Kodansha USA Inc (1980). Reprint, 308 pages
LibraryThing member uvula_fr_b4
Shiroyama, the person who is credited with bringing the Yakuza term "sokaiya" (denoting a type of genteel racketeer who disrupts shareholder meetings until he is paid off) into the public awareness, wrote a gripping and harrowing account of one of the only seven men executed as war criminals by the U.S. in the wake of Japan's surrender in 1945: Hirota Koki, an admirable diplomat (he served as Japan's foreign minister and prime minister prior to Japan's war with the U.S.) who had the singular misfortune of being an honorable man among oh-so-dishonorable countrymen. It's not exaggerating the point to say that Hirota died for his honor, much to the delight of the cowardly militarists who were scrambling to save their own necks. Even the Nazis managed to have a turn as the good guys during the Rape of Nanking (an atrocity which the Japanese government has yet to acknowledge), but nothing could help Hirota.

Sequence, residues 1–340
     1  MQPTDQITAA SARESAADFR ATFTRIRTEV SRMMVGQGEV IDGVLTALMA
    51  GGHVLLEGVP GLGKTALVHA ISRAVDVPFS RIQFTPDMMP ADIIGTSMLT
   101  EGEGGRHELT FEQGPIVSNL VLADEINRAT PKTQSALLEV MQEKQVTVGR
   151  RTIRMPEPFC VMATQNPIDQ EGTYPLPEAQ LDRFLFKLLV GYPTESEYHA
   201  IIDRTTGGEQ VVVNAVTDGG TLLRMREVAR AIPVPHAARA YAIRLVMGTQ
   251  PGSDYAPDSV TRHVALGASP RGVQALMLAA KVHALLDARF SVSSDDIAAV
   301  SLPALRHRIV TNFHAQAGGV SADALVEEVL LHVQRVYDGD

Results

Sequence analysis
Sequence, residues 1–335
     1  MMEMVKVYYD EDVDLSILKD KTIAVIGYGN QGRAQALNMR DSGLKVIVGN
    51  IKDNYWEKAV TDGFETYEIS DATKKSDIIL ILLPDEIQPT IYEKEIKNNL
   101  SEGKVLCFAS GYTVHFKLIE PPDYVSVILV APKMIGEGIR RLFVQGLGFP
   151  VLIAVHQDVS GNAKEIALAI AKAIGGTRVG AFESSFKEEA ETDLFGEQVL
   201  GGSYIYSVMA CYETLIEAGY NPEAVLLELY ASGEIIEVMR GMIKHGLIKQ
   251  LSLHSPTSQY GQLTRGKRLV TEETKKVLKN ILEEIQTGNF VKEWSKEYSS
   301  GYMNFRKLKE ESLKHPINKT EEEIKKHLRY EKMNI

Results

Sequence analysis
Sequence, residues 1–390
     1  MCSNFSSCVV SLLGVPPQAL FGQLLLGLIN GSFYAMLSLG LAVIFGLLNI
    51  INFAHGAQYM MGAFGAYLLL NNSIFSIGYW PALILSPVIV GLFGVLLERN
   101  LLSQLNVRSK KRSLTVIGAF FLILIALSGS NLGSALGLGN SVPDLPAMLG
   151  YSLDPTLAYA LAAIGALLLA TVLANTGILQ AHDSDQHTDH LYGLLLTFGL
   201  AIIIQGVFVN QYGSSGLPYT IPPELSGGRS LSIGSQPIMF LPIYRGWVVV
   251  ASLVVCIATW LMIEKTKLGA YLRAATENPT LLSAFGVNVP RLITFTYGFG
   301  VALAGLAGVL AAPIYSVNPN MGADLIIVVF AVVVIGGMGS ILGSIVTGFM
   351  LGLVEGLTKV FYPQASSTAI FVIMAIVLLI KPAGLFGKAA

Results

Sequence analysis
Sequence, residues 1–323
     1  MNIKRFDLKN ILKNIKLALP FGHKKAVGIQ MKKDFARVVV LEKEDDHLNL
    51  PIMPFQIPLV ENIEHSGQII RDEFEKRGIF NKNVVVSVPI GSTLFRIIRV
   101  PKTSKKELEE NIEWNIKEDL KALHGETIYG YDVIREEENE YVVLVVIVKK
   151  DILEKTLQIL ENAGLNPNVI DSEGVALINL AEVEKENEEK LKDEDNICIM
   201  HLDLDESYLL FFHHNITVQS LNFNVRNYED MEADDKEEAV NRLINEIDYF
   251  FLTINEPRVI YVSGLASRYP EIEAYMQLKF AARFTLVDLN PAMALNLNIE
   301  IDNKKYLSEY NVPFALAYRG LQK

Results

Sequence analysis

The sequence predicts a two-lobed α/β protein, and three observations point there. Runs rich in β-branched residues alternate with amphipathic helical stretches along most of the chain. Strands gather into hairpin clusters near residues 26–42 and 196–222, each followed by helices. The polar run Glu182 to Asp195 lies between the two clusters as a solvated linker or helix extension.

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Contemporary Japanese Literature: An Anthology of Fiction, Film, and Other Writing Since 1945 by Howard Hibbett